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If opposite poles of magnets attract each other, then why are the poles of a magnet at opposites ends of the magnet, rather than meeting in the middle and canceling out each other?

Edit: What got me thinking was this quote from "mystic philosopher" Walter Russel:

"We see the positive pole of a compass needle pointing toward the negative pole of a magnet and the negative pole of the magnet pointing toward the positive pole. This evidence is one of the bases of our conclusion. That is what our eyes see. What actually is happening is that they are voiding each other's unbalanced condition to seek balance through each other.

Opposite poles get as far away from each other as they can, until their opposition is voided by balance in their fulcrum and they cease to be.

When the positive pole of a magnet is brought into contact with the negative pole of another magnet, that effect which we think of as attraction is one of voidance. It is a cessation of opposition or power to manifest anything. Polarity utterly ceases at that point and each opposite extends to each opposite end, each getting away from the other and through the other, spirally, as far as it can.

If opposite poles attracted each other, they would be together in the middle of a magnet instead of at its ends."

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You must not think that a magnet is kind of "a source of Northern flux" plus "a source of Southern flux" put together. Magnetic field lines are unique, and they go from one pole to the other one.

Think of a magnet as a ring. The north pole is the source of field lines. The south pole is the drain.

enter image description here

As you can see, there is continuity in field lines, even in the joining section (the "middle"). Magnetic field lines are closed lines (as far as we know), so this is what happens.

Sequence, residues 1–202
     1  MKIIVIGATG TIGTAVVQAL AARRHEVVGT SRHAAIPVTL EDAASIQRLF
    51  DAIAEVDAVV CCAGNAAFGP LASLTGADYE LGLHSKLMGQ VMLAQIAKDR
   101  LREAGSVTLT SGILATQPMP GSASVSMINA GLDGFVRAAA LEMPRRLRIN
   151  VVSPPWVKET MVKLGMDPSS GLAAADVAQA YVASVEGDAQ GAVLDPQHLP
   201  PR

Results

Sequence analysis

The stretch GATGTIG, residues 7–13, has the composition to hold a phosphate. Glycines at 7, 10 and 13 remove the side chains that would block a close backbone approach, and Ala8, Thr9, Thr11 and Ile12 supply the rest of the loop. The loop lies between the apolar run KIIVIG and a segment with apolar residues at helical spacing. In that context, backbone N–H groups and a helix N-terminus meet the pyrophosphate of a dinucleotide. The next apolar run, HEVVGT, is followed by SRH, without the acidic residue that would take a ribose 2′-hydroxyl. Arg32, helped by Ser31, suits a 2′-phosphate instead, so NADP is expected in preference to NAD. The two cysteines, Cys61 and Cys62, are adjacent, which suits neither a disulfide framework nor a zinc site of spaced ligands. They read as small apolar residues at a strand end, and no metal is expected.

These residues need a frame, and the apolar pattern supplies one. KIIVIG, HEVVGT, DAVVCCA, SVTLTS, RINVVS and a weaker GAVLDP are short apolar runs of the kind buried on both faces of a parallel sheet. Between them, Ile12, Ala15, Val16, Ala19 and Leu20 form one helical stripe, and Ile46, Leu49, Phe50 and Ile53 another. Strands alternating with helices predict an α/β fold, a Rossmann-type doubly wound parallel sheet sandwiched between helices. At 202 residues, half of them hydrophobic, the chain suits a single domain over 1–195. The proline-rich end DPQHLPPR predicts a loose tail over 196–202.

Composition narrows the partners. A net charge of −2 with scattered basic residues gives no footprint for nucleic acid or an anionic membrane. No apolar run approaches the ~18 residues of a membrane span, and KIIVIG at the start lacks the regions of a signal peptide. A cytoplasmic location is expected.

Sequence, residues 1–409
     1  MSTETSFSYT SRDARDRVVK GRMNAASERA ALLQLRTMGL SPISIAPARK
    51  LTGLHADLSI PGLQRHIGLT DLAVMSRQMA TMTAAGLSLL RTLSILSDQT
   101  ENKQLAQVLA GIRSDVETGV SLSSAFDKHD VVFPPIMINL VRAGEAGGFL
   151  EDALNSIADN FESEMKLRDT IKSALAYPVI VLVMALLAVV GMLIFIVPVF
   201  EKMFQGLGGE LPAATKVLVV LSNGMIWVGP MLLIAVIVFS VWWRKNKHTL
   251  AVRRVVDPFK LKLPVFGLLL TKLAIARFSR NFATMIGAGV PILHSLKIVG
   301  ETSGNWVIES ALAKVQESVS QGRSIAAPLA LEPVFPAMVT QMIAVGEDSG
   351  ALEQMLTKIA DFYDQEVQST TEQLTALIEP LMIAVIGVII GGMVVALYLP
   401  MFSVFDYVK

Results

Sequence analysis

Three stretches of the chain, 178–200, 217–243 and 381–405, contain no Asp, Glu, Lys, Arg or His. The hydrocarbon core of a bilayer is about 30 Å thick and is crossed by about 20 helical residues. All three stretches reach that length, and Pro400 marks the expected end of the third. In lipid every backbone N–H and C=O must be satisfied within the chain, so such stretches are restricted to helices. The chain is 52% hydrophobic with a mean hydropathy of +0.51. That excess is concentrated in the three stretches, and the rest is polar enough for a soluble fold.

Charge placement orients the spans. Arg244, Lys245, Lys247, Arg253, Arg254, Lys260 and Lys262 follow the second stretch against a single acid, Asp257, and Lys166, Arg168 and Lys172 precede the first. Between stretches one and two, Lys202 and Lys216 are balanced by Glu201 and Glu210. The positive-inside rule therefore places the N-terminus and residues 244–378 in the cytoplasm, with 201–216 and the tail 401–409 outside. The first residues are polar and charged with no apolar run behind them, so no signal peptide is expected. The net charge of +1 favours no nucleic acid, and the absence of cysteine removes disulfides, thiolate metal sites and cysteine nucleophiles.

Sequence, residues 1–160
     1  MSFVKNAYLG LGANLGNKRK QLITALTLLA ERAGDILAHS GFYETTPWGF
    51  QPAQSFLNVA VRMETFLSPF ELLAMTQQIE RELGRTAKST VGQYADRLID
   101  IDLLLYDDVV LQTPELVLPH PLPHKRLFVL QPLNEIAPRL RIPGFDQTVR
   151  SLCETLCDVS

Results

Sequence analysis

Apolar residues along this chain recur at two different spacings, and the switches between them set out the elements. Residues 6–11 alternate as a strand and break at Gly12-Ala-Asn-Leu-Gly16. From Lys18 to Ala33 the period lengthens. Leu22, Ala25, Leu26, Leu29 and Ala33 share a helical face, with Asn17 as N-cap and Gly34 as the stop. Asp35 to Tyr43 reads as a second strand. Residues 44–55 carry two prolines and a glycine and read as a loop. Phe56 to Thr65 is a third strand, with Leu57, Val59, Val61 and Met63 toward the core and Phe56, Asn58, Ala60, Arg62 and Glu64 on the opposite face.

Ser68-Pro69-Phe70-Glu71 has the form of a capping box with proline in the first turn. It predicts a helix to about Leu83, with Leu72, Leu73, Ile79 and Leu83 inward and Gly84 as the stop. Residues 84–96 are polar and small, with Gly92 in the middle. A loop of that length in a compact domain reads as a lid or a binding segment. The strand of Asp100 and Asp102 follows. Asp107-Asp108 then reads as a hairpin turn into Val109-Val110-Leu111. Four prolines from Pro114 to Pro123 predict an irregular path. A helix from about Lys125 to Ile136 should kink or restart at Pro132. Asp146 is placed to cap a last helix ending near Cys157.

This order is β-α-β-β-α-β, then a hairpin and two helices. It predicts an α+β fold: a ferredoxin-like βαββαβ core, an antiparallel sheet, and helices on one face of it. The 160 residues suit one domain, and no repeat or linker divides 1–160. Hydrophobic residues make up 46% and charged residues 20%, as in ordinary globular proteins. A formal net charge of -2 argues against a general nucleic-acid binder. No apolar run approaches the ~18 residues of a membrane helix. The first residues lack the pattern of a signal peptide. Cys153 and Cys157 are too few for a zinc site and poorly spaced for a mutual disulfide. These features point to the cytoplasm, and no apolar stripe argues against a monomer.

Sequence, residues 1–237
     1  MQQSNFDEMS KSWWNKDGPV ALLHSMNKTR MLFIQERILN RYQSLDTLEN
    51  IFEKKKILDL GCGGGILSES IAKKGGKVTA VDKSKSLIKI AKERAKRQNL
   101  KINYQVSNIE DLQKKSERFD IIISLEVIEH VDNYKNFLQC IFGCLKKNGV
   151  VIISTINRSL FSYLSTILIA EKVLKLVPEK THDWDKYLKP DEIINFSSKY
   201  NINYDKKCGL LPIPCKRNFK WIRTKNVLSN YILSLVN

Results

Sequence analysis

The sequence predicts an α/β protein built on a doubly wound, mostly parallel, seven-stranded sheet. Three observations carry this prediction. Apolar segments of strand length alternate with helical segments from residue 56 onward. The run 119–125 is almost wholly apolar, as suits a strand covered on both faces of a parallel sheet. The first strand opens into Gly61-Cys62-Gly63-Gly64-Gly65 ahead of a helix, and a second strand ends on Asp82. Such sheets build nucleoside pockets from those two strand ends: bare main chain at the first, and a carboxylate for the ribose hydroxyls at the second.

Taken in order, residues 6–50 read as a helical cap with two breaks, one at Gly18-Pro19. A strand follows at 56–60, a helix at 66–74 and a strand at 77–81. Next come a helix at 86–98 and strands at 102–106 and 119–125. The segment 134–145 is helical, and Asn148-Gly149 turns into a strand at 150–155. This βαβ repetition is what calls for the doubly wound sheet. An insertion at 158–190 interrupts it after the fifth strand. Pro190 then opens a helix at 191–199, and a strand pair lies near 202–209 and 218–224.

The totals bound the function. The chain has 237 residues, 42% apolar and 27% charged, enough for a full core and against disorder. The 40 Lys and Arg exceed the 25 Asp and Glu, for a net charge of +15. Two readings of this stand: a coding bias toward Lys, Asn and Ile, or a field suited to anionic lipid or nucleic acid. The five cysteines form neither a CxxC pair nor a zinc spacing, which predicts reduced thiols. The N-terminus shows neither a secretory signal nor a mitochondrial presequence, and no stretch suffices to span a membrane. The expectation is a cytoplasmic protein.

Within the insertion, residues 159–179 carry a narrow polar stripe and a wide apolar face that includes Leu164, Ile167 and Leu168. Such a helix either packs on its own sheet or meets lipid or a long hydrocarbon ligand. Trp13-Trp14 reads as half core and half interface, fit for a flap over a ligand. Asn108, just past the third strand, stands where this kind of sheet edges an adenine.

You cannot divide a magnet because of this either.

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Welcome to Physics SE, Kashmir Shiva!

Your question is an interesting one, partially because one could actually experimentally look into it. At home I have a bar magnet which I accidentally broke in half. Now, when you break a magnet in half they form two new magnets. When you place the two broken parts together, the two parts do cancel out, and it acts as a single bar magnet.

The reason why all of this is true is that you can think of a single macroscopic magnet as being made out of loads of microscopic magnets (or magnetic dipoles). These dipoles affect the magnetic response within the material, whilst they also generate an external field, when they reach the edge and don't counter-act each other within the material.

Hopefully that begins to answer your question - but in summary, basically the two halves of the magnet do actually all cancel out, until they reach then end, at which point there is nothing else which they can cancel out, and an external magnetic field is generated.

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    $\begingroup$ Just to add to this great answer. Perhaps better not think of the poles of a magnet “things in themselves”, like independent entities, but as the two unmatched ends of the chain of microscopic magnets. $\endgroup$ – Andrea Aug 31 '18 at 22:22

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